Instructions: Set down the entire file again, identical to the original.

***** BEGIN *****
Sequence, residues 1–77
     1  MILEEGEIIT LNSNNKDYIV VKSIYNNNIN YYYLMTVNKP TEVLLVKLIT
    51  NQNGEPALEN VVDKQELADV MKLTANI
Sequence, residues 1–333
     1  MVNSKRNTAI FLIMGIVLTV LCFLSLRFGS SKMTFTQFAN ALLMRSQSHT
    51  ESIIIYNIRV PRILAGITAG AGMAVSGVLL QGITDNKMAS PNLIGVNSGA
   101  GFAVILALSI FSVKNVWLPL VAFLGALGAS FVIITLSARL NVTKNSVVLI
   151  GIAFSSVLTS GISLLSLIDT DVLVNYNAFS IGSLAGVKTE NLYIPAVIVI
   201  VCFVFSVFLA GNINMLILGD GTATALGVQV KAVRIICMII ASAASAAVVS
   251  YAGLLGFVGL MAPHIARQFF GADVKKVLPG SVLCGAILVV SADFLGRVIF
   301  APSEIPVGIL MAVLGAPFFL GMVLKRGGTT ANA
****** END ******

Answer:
Sequence, residues 1–77
     1  MILEEGEIIT LNSNNKDYIV VKSIYNNNIN YYYLMTVNKP TEVLLVKLIT
    51  NQNGEPALEN VVDKQELADV MKLTANI
Sequence, residues 1–333
     1  MVNSKRNTAI FLIMGIVLTV LCFLSLRFGS SKMTFTQFAN ALLMRSQSHT
    51  ESIIIYNIRV PRILAGITAG AGMAVSGVLL QGITDNKMAS PNLIGVNSGA
   101  GFAVILALSI FSVKNVWLPL VAFLGALGAS FVIITLSARL NVTKNSVVLI
   151  GIAFSSVLTS GISLLSLIDT DVLVNYNAFS IGSLAGVKTE NLYIPAVIVI
   201  VCFVFSVFLA GNINMLILGD GTATALGVQV KAVRIICMII ASAASAAVVS
   251  YAGLLGFVGL MAPHIARQFF GADVKKVLPG SVLCGAILVV SADFLGRVIF
   301  APSEIPVGIL MAVLGAPFFL GMVLKRGGTT ANA